Scientists have succeeded in developing an innovative cancer treatment that illuminates and wipes out tiny cancer cells with breakthroughs that enable surgeons to more effectively target and destroy patients’ illnesses. Did.
A European team of engineers, physicists, neurosurgeons, biologists and immunologists from the UK, Poland and Sweden have joined forces to design a new form of photoimmunotherapy.
Experts believe that it is destined to become the fifth major cancer treatment in the world, following surgery, chemotherapy, radiation therapy and immunotherapy.
Photoactivation therapy illuminates cancer cells in the dark and helps surgeons remove more tumors compared to existing techniques. And within minutes of completing the surgery, it kills the remaining cells. In the world’s first study of mice with glioblastoma, one of the most common and aggressive types of brain tumors, scanning with the smallest cancer cells to help surgeons remove them. A new treatment has emerged that even illuminates and wipes out what remains.
Laboratory-led new form of photoimmunotherapy trials cancer Studies in London also show that treatment can provoke an immune response, stimulate the immune system, and target cancer cells in the future, suggesting that glioblastoma can be prevented from recurring after surgery. doing. Researchers are also currently researching new treatments for childhood cancer neuroblastoma.
“Brain cancers like glioblastoma can be difficult to treat, and sadly, patients have too few treatment options,” research leader Dr. Gabriella Kramer Marek told the Guardian. “Since surgery is difficult due to the location of the tumor, new methods of confirming that tumor cells are removed during surgery and treating residual cancer cells that remain after it may be very beneficial. there is.”
The ICR team leader in preclinical molecular imaging said: In the future, we hope that this approach can also be used to treat human glioblastoma and potentially other cancers. “
This treatment is a combination of a special fluorescent dye and a compound that targets cancer. Studies in mice have shown that this combination dramatically improves the visibility of cancer cells during surgery and, when later activated by near-infrared light, causes an antitumor effect.
Scientists at ICR, Imperial College London, Silesia Medical College in Poland, and the Swedish company AffibodyAB believe that this new treatment will help surgeons remove particularly difficult tumors such as the head and neck more easily and effectively. I am.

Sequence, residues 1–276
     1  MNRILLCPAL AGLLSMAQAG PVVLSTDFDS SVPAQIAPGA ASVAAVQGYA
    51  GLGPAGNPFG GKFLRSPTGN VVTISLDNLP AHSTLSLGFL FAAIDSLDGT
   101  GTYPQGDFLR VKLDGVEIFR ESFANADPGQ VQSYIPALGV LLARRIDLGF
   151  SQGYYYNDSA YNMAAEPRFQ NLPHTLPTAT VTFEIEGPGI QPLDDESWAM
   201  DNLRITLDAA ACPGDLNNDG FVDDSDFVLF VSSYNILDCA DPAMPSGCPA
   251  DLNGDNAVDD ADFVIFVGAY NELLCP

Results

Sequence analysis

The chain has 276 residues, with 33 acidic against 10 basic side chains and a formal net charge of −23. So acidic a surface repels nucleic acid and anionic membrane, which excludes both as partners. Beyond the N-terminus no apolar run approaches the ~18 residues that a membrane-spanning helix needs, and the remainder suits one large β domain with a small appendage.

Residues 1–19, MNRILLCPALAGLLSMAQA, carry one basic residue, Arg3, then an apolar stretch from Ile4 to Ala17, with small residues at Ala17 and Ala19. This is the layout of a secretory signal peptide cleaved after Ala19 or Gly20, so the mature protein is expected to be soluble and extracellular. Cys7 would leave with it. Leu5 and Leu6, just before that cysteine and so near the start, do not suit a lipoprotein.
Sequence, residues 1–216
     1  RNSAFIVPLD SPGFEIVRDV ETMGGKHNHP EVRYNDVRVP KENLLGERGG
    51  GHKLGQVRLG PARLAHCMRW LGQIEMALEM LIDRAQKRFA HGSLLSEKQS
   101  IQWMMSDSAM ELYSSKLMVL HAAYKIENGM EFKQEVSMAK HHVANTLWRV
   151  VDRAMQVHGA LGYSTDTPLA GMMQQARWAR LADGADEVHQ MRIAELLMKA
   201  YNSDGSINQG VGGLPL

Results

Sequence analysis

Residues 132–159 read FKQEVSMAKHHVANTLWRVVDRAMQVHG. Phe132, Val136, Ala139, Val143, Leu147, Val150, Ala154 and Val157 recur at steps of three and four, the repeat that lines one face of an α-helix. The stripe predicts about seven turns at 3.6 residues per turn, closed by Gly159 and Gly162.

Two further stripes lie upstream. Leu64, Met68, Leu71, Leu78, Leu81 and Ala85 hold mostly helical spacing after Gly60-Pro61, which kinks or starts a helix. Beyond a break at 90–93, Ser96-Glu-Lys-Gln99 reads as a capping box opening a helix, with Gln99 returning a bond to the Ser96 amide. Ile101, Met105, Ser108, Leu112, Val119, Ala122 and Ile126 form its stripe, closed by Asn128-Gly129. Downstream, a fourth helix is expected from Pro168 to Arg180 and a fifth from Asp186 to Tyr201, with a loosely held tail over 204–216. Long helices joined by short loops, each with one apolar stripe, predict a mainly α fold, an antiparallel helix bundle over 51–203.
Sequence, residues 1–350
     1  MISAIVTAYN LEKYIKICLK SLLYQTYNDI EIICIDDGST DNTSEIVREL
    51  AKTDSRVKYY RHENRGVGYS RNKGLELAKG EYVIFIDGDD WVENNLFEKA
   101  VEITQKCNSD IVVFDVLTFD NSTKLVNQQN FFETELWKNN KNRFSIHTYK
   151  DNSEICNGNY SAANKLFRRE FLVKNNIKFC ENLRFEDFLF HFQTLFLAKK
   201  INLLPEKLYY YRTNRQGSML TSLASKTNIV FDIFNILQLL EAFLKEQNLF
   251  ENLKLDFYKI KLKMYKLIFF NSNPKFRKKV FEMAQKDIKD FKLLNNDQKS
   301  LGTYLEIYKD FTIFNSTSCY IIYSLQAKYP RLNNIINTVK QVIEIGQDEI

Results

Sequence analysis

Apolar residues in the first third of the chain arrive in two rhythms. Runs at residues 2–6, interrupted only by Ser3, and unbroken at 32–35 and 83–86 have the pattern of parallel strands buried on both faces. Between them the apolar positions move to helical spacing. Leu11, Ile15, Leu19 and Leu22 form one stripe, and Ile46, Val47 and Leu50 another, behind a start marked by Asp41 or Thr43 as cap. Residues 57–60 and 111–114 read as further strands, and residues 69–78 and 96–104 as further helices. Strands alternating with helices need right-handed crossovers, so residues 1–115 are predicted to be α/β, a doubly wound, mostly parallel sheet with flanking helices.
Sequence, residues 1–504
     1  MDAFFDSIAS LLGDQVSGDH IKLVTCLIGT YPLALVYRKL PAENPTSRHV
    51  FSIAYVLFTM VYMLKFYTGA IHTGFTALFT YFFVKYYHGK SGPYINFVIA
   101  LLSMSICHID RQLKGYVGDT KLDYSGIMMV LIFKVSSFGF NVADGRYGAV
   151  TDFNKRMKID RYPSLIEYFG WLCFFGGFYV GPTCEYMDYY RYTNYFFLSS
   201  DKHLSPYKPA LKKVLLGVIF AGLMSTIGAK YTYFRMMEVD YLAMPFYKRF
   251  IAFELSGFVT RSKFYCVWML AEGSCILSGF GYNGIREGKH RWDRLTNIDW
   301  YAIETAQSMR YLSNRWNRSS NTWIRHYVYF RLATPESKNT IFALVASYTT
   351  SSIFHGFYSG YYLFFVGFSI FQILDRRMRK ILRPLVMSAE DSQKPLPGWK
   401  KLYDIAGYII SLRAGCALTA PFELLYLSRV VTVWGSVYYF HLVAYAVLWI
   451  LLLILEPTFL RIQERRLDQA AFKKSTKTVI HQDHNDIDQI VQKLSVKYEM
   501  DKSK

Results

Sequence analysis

The joint effort was largely funded by ICR’s Cancer Research UK Convergence Science Center and Imperial College London. This is a partnership that brings together international scientists from engineering, physics, and life science disciplines to find innovative ways to tackle cancer.
“Interdisciplinary efforts are essential to finding innovative solutions to address the challenges faced in cancer research, diagnosis and treatment. This research is a great example,” said the Cancer Stem Cell Team in ICR and Science. Axel Bearens, the leader of the program, said. Director of Cancer Research UK Convergence Science Center.
“This study presents a new approach to using light to identify and treat glioblastoma cells in the brain, transforming the immunosuppressive environment into an immune-fragile environment. This is an aggressive type of brain tumor. It has stimulating potential as a cure for the disease. “
After decades of progress in cancer treatment, the four major forms that exist today-surgery, chemotherapy, radiation therapy, and immunotherapy-are more effective treatments for more people diagnosed with cancer. It means that people can live in good health for many years.
However, the proximity of some tumors to important organs in the body is important for treating cancer so that doctors can overcome the risk of harming healthy parts of the body. It means that a new method is being developed. Experts believe that photoimmunotherapy is the answer.
When tumors grow in sensitive areas of the brain, such as the motor cortex, which are involved in the planning and control of spontaneous movement, surgery for glioblastoma can leave tumor cells that are extremely difficult to treat. That is, the disease may recur. More aggressive later.
The new treatment uses a synthetic molecule called Affibody. These are small proteins designed in the lab to bind with high precision to specific targets. In this case, it is a protein called EGFR, which is often mutated in glioblastoma.
Next, Affibody was combined with a fluorescent molecule called IR700 and administered to mice prior to surgery. When the compound was exposed to light, the dye glowed, highlighting the microscopic areas of the tumor in the brain that the surgeon could remove. The laser then switched to near-infrared light, causing antitumor activity and killing the remaining cells after surgery.
“Photoimmunotherapy may help target cancer cells that cannot be removed during surgery and may help them live longer after treatment,” said Dr. Charles Evans, Research Information Manager at Cancer Research UK. increase. He warned that there were still technical challenges to overcome, such as reaching all parts of the tumor with near-infrared light, but “excited to see how this study evolves. I have. “
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